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For six months—Umalbanen’s whole life, in fact—she struggled to live. She was born with a heart which routed blood the wrong way. This meant that her body wasn’t getting oxygen.

Her very cells were suffocating.

When the surgeon opened her chest on the operating table, her little heart was black. And that little black heart was an immediate and stark reminder of why our pediatric heart surgery program in Iraq is so important.  

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Rates of congenital heart defects in Iraq continue to be high, in part thanks to the chemical effects of war. Iraqi children can’t seem to catch a break, as the current war with ISIS ensures another generation of children will need surgery in order to survive.

It takes decades of stability to create the kind of teaching programmes that produce medical professionals capable of tackling complicated illnesses. Iraq doesn’t have the luxury of waiting for that to happen. We were invited to come and teach, in spite of the current war and instability—and we said yes!

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“You cared for her like she was your own family…” It caught Umalbanen’s mother by surprise.

Our vision is that in the future all children with heart disease, no matter where they are born, will be able to receive the medical and surgical care they require to live a long and healthy life—including Iraqi kids.

The Hardest ‘Yes’ of Ramadan’s Life

The Hardest ‘Yes’ of Ramadan’s Life

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A terrified, skinny boy arrived at the hospital. The cardiologist from Benghazi is looked at his heart, recommending urgent surgery.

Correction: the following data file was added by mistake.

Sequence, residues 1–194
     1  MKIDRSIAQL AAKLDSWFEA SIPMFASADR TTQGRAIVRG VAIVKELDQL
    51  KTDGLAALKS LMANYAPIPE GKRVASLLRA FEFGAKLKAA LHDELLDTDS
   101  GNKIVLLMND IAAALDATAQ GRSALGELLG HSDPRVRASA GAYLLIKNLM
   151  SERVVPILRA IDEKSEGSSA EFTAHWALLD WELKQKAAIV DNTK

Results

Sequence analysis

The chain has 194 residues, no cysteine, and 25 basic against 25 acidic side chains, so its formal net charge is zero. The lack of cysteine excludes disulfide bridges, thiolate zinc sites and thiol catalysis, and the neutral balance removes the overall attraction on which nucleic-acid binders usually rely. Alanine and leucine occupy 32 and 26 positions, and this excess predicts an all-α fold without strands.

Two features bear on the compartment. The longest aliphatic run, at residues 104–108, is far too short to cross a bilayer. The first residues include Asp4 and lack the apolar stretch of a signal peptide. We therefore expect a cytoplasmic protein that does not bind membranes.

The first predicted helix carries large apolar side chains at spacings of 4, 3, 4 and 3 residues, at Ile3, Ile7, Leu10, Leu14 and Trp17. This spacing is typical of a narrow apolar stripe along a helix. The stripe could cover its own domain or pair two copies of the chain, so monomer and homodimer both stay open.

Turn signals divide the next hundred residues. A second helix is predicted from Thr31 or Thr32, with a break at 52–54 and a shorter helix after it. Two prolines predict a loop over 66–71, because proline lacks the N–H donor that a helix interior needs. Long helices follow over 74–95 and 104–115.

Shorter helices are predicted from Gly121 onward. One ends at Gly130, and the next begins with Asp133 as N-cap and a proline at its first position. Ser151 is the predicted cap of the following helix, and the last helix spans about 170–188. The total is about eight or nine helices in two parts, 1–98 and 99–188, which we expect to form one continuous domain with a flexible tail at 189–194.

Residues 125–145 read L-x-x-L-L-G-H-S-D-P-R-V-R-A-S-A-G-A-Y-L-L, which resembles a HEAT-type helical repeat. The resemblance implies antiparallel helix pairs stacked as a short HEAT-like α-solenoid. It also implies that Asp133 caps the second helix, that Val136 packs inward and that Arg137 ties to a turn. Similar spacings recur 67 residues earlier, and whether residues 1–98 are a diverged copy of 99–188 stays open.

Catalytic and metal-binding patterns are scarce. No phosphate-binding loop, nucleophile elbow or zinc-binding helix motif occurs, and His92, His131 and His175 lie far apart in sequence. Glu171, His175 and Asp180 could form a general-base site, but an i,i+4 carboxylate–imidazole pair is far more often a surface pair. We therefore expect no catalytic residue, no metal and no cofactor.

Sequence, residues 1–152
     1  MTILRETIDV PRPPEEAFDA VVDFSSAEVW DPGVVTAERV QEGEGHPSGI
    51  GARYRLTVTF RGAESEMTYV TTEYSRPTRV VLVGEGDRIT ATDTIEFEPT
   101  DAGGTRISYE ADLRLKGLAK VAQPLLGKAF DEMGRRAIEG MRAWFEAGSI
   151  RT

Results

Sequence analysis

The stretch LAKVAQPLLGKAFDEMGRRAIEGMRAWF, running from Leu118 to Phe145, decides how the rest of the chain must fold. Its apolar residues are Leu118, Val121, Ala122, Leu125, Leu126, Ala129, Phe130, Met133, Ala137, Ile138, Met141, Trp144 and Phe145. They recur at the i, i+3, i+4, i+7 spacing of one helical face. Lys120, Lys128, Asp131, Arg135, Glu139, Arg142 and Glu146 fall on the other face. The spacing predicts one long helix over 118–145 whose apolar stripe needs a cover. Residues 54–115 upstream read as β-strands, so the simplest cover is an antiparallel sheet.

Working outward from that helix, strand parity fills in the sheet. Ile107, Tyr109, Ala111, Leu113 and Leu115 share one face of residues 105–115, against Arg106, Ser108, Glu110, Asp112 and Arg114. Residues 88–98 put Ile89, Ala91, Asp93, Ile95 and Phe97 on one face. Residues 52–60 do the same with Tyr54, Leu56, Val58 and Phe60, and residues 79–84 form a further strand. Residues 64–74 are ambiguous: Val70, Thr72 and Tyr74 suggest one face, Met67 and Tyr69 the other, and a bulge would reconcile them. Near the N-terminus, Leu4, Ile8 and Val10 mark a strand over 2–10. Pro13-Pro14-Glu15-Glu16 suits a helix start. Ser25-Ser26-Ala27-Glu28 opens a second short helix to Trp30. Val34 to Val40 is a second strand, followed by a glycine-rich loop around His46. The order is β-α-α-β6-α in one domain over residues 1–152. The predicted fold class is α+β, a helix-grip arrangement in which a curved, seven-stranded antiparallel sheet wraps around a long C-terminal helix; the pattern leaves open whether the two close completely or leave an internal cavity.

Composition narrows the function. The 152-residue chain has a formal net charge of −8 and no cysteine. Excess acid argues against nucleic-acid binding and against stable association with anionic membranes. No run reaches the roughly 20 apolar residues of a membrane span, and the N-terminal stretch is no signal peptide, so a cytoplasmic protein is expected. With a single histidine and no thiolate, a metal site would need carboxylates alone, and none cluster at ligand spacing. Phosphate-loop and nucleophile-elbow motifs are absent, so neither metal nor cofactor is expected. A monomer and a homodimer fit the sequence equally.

“Ramadan, will you let them operate on you?”

The 14 year-old has heard this question again and again for the past seven years. “Will you accept?”

His answer is always the same: “No.”

Fatherless and culturally an adult, Ramadan is old enough to make his own decision whether or not he will undergo surgery. He is also old enough to know what this will mean, what the process will be like, and what the outcome could be.

“He’s too afraid, he won’t accept,” his mother shared later. 

Ramadan lives in Derna, a Libyan city with heavy jihadist leanings and that was recently under ISIS control, but his heritage is southern Libyan, what many people here call “original Libyan.”

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Arabs, Greeks, Italians, Turks, and others have conquered and settled this part of the world, but Ramadan’s people were here long before that.

The cardiologist slides her probe over the bumps of Ramadan’s ribs as Dr. Novick leans forward, looks in his eyes, and says “Ramadan, we can make you feel better.”

Someone translates the words as Ramadan stares back.

His mother wipes Ramadan’s chest and helps pull his shirt down, a worried expression on her face. Ramadan’s face is blank the entire time.

Goodbyes are said, and the family begins to leave.

A few feet from the door, the cardiologist calls out more time: “Ramadan, will you let them operate on you?” 

“…yes.”

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A few days later, Doctor Novick and the team gave Ramadan the lifesaving heart surgery he needed, his recovery went beautifully, and he even told Stacey he didn’t want to leave! Thank you for sending our teams to serve children on the margins, in war-torn, ISIS-disputed territory like Libya.

You are giving families the chance to finally say “yes.”